26 Avenue Wagram
6th April 1877
My dearest Julius,
I was delighted to receive your letter this morning, all the more so that I did not expect it till this evening being from the country I thought that it could not arrive by the morning post. I’m glad you had a tolerable journey, I suppose I must believe that you are a good sailor. I have just come from a Sunday school teacher’s meeting, a thing I hate as we always seem to talk a great deal & do no good, I was on thorns all the time & thought that they would never finish as I wanted to answer your letter before post time, they kept me so long that now I must hurry & take it down to the Madeleine, & then I am not sure it will be in time. After you left on Tuesday I sat down & wrote to Polly & Fanny, & yesterday I wrote to Grandmama & Charlotte & I think my duty is about done in that line for the present. We also had a perfect storm on Wednesday. I was caught out in it a long way from home, however I was more fortunate than we were the day before & after some time found a cab. It cleared up for us to go to the Ball which I enjoyed very much though I wished more than once that you had been there. Your flowers looked very nice & kept so fresh that I was able to have them in water all the next day, & then, well, perhaps I threw them away, perhaps I didn’t, you may think which you like. I danced nearly every dance at the ball I stayed quite to the last, I had one or two good waltzes, but my best really was with Ned, he is such a beautiful dancer, I like having him for a partner. I have lunched at May’s once since you left, & had a nice long chat with her, they all speak so nicely of you & wish they could have seen more of you, when Mr Solitney[?] congratulated me, he hoped that we should be as happy as they are, he could not wish me more.
Poor Mr Mitchell! What a sad Easter for him. What a contrast to ours dear. I suppose he will be away from Chipping Norton for some time, has he a mother & sister?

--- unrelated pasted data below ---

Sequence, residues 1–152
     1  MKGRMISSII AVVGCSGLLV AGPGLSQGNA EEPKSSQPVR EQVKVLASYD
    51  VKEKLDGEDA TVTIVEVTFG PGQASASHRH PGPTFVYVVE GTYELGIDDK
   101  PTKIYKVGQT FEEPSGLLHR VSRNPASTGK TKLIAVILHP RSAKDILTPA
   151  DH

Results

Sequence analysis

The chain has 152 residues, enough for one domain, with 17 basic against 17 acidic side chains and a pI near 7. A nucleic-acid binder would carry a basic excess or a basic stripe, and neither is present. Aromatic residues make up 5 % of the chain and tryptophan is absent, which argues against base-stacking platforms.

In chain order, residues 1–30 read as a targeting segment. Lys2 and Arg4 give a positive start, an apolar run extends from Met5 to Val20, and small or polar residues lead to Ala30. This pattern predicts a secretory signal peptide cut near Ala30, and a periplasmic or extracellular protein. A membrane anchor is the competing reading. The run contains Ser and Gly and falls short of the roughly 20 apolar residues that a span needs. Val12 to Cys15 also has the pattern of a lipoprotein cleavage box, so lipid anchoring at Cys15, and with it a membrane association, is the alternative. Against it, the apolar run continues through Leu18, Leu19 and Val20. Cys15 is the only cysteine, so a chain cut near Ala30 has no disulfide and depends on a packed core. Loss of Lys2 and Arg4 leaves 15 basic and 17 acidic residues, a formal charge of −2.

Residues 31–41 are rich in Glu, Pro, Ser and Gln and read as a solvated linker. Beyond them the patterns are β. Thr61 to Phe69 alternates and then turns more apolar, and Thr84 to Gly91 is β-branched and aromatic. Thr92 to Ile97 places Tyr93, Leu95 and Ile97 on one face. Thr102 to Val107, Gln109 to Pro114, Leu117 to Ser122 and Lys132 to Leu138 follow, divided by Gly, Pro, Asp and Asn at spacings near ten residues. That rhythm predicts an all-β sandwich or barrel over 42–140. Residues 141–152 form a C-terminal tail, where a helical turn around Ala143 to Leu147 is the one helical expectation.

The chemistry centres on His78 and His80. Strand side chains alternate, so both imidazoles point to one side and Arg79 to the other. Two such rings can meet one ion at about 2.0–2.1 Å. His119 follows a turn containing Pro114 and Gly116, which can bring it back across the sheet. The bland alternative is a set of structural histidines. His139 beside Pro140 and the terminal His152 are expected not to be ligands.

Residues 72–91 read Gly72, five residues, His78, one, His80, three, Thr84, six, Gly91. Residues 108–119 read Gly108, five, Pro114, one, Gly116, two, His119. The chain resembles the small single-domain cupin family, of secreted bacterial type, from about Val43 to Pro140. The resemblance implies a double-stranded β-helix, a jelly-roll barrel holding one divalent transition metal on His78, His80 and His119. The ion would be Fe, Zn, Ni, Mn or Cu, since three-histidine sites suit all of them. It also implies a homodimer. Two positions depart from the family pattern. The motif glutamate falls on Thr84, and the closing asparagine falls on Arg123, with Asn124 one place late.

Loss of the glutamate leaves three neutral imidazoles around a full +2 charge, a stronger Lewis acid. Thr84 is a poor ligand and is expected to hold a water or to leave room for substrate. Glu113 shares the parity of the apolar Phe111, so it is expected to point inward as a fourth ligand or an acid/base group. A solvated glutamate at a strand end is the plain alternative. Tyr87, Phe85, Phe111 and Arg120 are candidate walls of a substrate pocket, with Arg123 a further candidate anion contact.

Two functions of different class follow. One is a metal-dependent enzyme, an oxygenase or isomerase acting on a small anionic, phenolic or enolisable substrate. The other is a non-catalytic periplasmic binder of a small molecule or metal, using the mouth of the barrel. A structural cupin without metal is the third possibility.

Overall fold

I am glad to hear Mrs Chouls was not horrified at the news. Have you heard from Charlotte yet? I daresay I shall get a letter in a few days.
Thank you very much for the Easter card, it was kind of you dear to think of sending it. I am glad all went so well while you were away, you see they managed to do without you, so perhaps know you may continue to get away again. Later on, I should be very glad to have you here, but I am not dull. I feel so thankful & happy in having your love that I don’t seem to think of anything else.
We are in a nice muddle now, having had all the curtains down this morning & some of the furniture taken away, our regular move takes place next Thursday. For the next fortnight I expect to be very busy & very uncomfortable. After Thursday you must address your letters to 188 Boulevard Haussmann. I must close now, or I shall have no chance of catching the post, & I think you will be looking for a letter & would be a little disappointed if you got none.
Goodbye my dearest, with best love
Your own affectionate
With thanks to Ruth Burn (née Sladden), the great-granddaughter of Eugénie Mourilyan, for transcribing this letter.